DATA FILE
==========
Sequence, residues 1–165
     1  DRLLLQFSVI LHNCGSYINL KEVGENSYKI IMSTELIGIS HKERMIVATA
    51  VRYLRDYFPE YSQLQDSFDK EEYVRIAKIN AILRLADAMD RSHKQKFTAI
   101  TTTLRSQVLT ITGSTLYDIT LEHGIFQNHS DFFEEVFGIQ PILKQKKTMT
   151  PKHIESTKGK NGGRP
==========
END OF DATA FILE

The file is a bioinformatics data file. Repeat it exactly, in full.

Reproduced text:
Sequence, residues 1–165
     1  DRLLLQFSVI LHNCGSYINL KEVGENSYKI IMSTELIGIS HKERMIVATA
    51  VRYLRDYFPE YSQLQDSFDK EEYVRIAKIN AILRLADAMD RSHKQKFTAI
   101  TTTLRSQVLT ITGSTLYDIT LEHGIFQNHS DFFEEVFGIQ PILKQKKTMT
   151  PKHIESTKGK NGGRP